You know how there are some things you only do when you're out of town and aren't so harried? I realized there was a perfectly exciting film festival near my home in America and I never got around to going. By all reports, the fledging Beloit International Film Festival in Beloit, Wisconsin was fantastic. It was only 17 miles from my house. Here I am, out-of-town, so to speak, and I finally got off my butt and went to see some movies!

This is the 11th year of this film festival devoted to human rights. There are 120 documentaries from over 40 countries. In 2009, the festival has a wonderful subtheme celebrating 20 years of Eastern and Central European democracy in film. Indeed, the festival trailer (which you can link through by clicking on the title of my post) shows former Czech President Vaclav Havel helping in the maternity ward as a new generation of Czechs, born in freedom, arrive in the world. The Velvet Generation comes of age. What will they do with their freedom?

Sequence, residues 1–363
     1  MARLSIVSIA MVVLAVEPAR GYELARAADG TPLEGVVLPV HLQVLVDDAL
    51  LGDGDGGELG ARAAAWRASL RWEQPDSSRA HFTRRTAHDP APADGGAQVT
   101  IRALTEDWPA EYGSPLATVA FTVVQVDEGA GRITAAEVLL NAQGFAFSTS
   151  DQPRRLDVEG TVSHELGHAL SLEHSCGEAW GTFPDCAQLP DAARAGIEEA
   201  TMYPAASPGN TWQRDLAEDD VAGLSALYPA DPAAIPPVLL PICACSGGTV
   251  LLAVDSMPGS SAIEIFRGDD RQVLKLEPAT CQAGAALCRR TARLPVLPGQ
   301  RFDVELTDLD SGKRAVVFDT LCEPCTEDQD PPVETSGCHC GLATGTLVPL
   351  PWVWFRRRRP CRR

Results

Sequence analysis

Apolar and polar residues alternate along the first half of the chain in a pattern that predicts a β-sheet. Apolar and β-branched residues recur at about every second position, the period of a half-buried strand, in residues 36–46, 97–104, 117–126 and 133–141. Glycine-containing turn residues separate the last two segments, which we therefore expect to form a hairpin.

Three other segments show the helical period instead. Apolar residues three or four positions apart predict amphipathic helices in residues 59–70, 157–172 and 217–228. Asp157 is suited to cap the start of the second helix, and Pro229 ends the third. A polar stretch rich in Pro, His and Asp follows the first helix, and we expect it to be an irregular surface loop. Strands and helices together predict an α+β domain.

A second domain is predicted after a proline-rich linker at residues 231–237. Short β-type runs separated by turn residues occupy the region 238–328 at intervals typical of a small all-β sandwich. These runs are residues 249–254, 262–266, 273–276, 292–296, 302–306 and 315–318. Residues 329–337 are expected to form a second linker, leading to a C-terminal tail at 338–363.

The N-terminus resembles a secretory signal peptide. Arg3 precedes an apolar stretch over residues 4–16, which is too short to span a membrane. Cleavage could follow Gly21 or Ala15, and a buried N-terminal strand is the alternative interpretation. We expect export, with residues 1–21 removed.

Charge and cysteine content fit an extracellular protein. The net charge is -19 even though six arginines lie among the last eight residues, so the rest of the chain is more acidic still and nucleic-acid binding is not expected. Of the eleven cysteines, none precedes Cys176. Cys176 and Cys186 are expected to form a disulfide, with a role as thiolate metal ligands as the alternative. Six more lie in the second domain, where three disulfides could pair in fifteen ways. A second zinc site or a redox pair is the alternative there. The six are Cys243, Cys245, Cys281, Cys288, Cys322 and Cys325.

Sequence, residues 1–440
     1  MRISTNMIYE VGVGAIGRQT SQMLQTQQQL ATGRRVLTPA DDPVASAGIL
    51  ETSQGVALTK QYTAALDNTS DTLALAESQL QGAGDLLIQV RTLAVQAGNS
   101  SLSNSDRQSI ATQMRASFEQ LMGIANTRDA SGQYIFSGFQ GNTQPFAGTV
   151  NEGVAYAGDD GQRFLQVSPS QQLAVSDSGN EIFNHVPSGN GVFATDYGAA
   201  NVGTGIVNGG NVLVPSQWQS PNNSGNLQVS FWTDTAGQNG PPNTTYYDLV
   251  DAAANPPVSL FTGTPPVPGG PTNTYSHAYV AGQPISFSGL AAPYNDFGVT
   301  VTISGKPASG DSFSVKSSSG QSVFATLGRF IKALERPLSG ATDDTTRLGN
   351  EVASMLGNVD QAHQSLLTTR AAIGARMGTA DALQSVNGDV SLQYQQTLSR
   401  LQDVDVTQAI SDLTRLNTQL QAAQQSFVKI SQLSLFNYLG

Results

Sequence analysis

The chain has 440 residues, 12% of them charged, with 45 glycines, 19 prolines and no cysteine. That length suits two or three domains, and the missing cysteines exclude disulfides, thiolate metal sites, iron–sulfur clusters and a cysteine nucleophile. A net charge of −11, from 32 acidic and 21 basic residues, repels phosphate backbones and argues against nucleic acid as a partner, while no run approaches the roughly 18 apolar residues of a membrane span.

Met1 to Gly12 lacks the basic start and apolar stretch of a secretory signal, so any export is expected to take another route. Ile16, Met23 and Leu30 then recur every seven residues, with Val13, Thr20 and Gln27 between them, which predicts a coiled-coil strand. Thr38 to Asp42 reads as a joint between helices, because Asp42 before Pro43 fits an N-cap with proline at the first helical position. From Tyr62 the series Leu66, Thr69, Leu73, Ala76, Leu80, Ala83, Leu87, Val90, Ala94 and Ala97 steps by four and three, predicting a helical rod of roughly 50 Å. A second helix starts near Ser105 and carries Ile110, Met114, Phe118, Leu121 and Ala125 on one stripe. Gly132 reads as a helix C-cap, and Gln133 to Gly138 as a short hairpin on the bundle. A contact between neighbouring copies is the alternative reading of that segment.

And as I looked around at each venue, it was the young people who had shown up for the films. The first movie I attended, directed by a Canadian, was called "Letters to a President." It showcased the cheap populism of Iranian President Ahmadinejad. People in Iran write him over 10 million letters a year asking him to solve their problems. Every letter is answered, which on the face of it, sounds like responsive government. It came across though as him setting himself up as a Messiah-like figure and the people, many of whom are lacking a decent education, being grateful for any little crumb. Not educating the populace is quite often in the interests of world leaders.